Angelica is a lovely looking plant with its lacy foliage so do not be afraid to plant it in the perennial garden (but at the back – it’s not “that” attractive and you’re going to be digging it and dividing it every year) I note it will self-sow if you let the seed heads mature.
Quick Facts About Angelica
- Sun: sun or light shade
- Spacing apart: 24 to 36-inches
- Height: 48-inches
- Propagation: buy first plant and it will self-sow after that – seed is short-lived and has to be sown immediately after harvest.
- Harvesting: harvest ripe seeds or fresh leaves and tender stalks for drying and use
I recommend you start with a purchased plant or a seedling from a friend. The seeds can be notoriously difficult to germinate depending on their age and very-fresh seeds are best. Once your plant is established, natural seeding should give you a reasonable supply of new plants to share.
The first year plant will likely only grow leaves but by the second year, it will easily hit 6-feet tall in a normal garden soil and produce umbels (like dill) of white blooms followed quickly by seeds.
Angelica is found worldwide in the northern regions and has about 60 species associated with it. The most commonly used garden herb in North America is Angelica archangelica but the other species all have their uses in the native populations – from medicine to making musical instruments from the stems. I also love the scent the crushed leaves give off as I work around them in the garden.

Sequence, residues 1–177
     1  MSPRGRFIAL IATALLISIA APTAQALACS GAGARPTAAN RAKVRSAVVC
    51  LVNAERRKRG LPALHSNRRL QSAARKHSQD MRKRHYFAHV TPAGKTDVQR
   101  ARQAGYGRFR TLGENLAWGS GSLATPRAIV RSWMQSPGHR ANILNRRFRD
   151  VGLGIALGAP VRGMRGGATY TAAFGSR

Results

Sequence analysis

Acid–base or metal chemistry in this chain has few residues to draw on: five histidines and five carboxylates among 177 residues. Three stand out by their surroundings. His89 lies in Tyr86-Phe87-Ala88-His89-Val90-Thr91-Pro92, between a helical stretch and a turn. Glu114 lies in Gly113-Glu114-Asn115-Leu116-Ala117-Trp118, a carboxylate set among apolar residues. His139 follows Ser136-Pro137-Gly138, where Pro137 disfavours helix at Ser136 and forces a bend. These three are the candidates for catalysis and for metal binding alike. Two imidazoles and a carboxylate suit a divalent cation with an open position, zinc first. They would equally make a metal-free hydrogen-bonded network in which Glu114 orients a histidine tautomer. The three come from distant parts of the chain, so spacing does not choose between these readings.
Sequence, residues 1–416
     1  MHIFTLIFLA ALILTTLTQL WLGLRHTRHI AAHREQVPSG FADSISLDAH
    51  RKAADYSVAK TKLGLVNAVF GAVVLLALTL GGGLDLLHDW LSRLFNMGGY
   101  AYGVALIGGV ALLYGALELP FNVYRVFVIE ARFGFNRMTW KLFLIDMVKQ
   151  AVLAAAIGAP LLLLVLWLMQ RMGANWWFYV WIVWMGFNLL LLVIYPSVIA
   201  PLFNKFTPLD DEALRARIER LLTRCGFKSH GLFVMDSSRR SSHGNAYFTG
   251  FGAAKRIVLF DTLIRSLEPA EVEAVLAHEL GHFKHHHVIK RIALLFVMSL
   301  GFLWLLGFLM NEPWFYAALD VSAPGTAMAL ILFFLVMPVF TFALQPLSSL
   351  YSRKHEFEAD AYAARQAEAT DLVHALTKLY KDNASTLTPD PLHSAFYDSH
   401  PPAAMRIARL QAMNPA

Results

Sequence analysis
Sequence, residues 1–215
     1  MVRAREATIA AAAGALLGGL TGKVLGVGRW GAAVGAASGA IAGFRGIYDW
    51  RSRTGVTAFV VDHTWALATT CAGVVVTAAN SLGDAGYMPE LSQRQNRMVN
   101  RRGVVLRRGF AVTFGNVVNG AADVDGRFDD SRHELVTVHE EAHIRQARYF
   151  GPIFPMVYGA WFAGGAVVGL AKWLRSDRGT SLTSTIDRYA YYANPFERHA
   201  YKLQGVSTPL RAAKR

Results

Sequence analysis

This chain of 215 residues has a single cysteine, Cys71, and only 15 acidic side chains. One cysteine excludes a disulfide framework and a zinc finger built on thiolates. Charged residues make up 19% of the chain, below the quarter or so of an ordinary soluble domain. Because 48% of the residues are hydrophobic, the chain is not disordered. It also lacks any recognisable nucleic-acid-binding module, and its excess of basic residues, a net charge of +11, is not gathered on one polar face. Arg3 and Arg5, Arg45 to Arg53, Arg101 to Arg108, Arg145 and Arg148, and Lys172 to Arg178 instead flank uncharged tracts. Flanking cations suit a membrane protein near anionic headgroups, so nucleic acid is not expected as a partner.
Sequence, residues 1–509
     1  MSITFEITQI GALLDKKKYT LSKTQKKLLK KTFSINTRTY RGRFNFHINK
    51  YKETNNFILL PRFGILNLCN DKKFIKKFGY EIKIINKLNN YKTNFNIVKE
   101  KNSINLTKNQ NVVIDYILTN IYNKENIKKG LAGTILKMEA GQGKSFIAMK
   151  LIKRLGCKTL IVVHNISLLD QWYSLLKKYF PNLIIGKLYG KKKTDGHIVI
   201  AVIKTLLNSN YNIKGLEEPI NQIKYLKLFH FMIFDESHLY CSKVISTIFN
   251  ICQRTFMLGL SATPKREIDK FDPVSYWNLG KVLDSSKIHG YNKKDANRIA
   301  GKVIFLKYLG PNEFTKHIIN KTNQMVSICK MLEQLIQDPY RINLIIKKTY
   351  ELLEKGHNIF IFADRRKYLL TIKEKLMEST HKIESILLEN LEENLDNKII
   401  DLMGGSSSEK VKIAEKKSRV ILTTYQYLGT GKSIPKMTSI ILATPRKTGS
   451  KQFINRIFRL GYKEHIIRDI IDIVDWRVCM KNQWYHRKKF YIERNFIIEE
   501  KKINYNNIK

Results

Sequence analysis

The fleshy roots are edible while crystallized strips are often found in confectionary stores or sold as baking flavorings as well as giving some brands of gin a distinct taste. It has a licorice taste.
An Old Recipe from One of My Older Gardening Books
I understand you can preserve your own Angelica by using this recipe:
- Cut stem into 4-inch pieces
- Let sit in salt-water brine for 12 hours
- Take a clean non-metal pan – put a layer of cabbage leaves on bottom. Then a layer of angelica – do not let the pieces touch. Then another layer of cabbage leaves, then angelica. Repeat until pot is filled or angelica supply exhausted.
- Cover with a vinegar/water solution (no idea about strength of it) and boil until the angelica goes quite green.
- Take out the angelica and weigh it.
- For every pound of angelica, add one pound of water to just enough water to dissolve it (a thick syrup) Bring sugar syrup to a boil.
- Put angelica in bowl and pour syrup over it until it is covered.
- Let it sit covered overnight or 12-hours and then bring the angelica and syrup to a boil and cook it until the angelica is tender.
After tender, you can either put the entire mix in a jar (angelica and syrup) or remove angelica, dry and roll in sugar. When the angelica cools, it will turn harder into a candy form.
‘it cureth the bitings of mad dogs and all other venomous beasts.‘